Eric Dixon: Like like my yard, my stinking trees in the back drop leaves every winter. And it is a hassle and a mess. If I rent my house out that I live in now, I have to include landscaping, like just you have to the tenant will live there one winter and they'll they'll either be like, Hey, this is horrible. I'm turning the water off and they'll just kill everything. Yeah. Or they'll complain, right? So that one just depends. If it's easy, put it on the tenant. If it's, if it's harder to maintain, include it in rent and get a little, get a little more in rent. You know included pest control is typically always tenant except for things like termites. You know, if there's infestations of some kind, then the landlord steps in and takes care of the infestation if it's not tenant caused. So like termites or not tenant caused if there's bees, nest goes into the attic, you know, tenant caused. No if it's.
Ben Bailey: Unless they're storing honey up there or something.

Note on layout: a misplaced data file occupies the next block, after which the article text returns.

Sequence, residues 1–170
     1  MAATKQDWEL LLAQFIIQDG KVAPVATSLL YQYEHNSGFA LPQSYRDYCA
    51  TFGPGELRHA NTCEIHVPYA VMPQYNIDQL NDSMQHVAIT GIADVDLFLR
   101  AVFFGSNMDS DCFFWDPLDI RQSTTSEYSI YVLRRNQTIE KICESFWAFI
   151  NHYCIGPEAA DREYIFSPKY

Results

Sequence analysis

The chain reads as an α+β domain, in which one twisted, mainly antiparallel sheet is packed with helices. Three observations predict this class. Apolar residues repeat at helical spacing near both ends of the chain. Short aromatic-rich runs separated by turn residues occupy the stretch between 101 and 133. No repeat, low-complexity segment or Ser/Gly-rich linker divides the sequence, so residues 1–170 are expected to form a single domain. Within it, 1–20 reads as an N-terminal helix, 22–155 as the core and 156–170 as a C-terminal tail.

Eric Dixon: And the what was the other one that, um. Roof rats. Yeah. We, we had roof rats in one of my rentals a couple years ago. And it's like it wasn't the tenants fault that the citrus fell and then all the rats came in the neighborhood and then they lived in the attic.
Ben Bailey: Or a lot of times I have a friend who owns a rental property in my neighborhood and his next door neighbor to his rental house had the citrus trees. Yeah. And it just hit his rental. Got roof rats, you know, And.
Eric Dixon: He's like that nice warm attic.
Ben Bailey: Yeah. And he's like, Now I got to pay to get rid of all these rats because the neighbor wasn't even him, you know?